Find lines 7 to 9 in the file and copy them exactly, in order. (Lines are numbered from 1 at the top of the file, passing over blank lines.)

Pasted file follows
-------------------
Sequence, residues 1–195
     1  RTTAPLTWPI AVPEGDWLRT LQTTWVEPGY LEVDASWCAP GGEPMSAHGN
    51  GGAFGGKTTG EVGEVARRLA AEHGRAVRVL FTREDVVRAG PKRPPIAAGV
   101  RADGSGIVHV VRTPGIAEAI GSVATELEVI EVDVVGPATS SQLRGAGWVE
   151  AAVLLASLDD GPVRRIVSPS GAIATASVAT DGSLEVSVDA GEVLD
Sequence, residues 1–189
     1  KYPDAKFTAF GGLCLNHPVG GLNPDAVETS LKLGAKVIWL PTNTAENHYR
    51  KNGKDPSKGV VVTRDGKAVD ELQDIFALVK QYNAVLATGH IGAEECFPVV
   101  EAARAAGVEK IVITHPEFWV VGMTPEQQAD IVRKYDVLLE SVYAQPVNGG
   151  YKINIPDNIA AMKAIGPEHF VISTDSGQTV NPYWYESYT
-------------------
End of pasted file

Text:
     1  KYPDAKFTAF GGLCLNHPVG GLNPDAVETS LKLGAKVIWL PTNTAENHYR
    51  KNGKDPSKGV VVTRDGKAVD ELQDIFALVK QYNAVLATGH IGAEECFPVV
   101  EAARAAGVEK IVITHPEFWV VGMTPEQQAD IVRKYDVLLE SVYAQPVNGG